Three subdivision preliminary plats have been presented this calendar year, with a fourth set for December according to the Planning Department.  Two of them, Antebellum Pointe and Windsor Park, rely on future road improvements undertaken through Louisiana DOTD to satisfy Level of Service mitigation requirements found in the policy.

Windsor Park’s Traffic Impact Study relied upon future improvements by DOTD on Hwy 42, adding lanes of travel, to mitigate subpar Levels of Service.  It relied upon traffic counts from November 2018 because data in the age of COVID inaccurately depicts normal traffic patterns according to traffic engineer Laurence Lambert.  Lambert assured that adjustments were made to account for additional motorists from subdivisions built and occupied over the last two years; good enough for a 5-2 Commission vote approving the development on Wednesday.

Antebellum Pointe cited, unsuccessfully…

Denial of Antebellum Pointe stands

additional travel lanes being constructed on I-10 as the cure for traffic congestion along the Hwy 73 corridor in Prairieville.  A 4-3 Planning Commission denial in March was upheld by the Parish Council, sitting as the Planning Commission Appeals Board in July.

Explaining his vote, Councilman Chase Melancon recognized the reasons for initial denial by the Planning Commission, the intersection at Hwy 73/White Road dropped to a Level of Service “E” while Subdivision Regulations require “D” or better.  Unwilling to accept that I-10 improvements would rectify the issue, Melancon proposed to defer the plat until “a new Traffic Impact Study when the third (I-10) lane opens.”  By that time a new school and hospital will have opened too, and “we can prove, with actual cars” if the Traffic Study is accurate.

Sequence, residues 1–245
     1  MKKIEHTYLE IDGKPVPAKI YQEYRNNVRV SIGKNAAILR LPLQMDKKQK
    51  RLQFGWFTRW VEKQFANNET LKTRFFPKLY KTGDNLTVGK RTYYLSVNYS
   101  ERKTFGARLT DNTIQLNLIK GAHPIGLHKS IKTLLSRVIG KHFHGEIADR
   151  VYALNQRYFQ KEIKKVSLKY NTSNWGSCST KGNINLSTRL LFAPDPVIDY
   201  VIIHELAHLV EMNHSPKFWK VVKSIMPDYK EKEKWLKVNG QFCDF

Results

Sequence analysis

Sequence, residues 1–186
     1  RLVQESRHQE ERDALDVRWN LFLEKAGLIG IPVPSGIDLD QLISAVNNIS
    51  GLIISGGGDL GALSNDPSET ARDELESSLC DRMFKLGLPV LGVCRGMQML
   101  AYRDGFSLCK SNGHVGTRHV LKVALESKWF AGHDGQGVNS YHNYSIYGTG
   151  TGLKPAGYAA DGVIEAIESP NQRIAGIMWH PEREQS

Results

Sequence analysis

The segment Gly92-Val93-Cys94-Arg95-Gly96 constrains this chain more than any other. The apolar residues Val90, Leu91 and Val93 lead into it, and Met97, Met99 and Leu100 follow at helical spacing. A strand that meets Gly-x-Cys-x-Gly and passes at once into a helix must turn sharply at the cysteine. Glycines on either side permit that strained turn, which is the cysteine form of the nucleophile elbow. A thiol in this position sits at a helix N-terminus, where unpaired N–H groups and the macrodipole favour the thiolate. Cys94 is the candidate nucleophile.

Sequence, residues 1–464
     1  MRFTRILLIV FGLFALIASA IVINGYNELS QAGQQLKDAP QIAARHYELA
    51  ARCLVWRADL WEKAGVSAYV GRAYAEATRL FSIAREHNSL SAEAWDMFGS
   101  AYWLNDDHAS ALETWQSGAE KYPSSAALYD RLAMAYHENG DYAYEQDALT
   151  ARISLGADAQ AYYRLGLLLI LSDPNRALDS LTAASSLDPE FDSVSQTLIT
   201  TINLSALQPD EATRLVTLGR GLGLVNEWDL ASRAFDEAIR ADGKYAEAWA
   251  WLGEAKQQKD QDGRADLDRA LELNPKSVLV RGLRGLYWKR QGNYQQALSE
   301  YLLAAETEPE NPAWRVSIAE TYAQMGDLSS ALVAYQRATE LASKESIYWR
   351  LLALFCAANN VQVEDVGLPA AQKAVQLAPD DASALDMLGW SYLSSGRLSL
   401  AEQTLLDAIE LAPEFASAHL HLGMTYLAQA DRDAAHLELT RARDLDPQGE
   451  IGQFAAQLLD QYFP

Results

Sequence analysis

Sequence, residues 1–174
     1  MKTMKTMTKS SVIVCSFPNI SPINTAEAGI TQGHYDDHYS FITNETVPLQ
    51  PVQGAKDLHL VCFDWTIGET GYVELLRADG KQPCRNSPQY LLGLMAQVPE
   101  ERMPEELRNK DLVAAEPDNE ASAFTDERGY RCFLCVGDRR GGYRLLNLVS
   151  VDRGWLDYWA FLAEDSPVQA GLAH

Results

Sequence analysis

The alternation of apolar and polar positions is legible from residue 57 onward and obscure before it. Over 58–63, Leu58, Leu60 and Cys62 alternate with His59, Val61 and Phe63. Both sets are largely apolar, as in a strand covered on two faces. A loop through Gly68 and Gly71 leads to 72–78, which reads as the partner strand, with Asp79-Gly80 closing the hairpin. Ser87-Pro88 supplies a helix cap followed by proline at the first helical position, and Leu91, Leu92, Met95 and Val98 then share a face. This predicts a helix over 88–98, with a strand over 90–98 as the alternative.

Councilman Melancon chairs Strategic Planning Committee from whence current TIA Policy emanated in 2017.  At the time the committee was chaired by former Prairieville councilman, Daniel “Doc” Satterlee whose proactivity in driving publicly popular legislation through a recalcitrant council alienated more than a few colleagues.  (We still can’t figure out why District 4 voters thought Corey Orgeron was a better representative, but we digress).

Satterlee’s successor occupies a seat on Strategic Planning from which he has shown little inclination to enact law adverse to development interests…

Three councilmen reject Subdivision Regulation proposed to ensure child safety

Orgeron, along with councilmen Dempsey Lambert and John Cagnolatti, twice this year killed the effort to prohibit new subdivisions from exiting onto parish roads narrower than 20 feet.

Strategic Planning Chairman Melancon, who will not say so publicly, was not happy about it.  He did not discount the possibility of bringing measures to strengthen TIA Policy before his committee in 2021, assuming Melancon retains the Strategic Planning chairmanship.  What would be the point of considering such measures as the committee is currently configured?

Potentially controversial legislation, historically, is not broached at the end of any calendar year.  Committee assignments are reshuffled when a new chair of the full council is selected each January.  If Melancon retains the chair, with different membership, there is a chance to close the aforementioned TIA Policy loophole.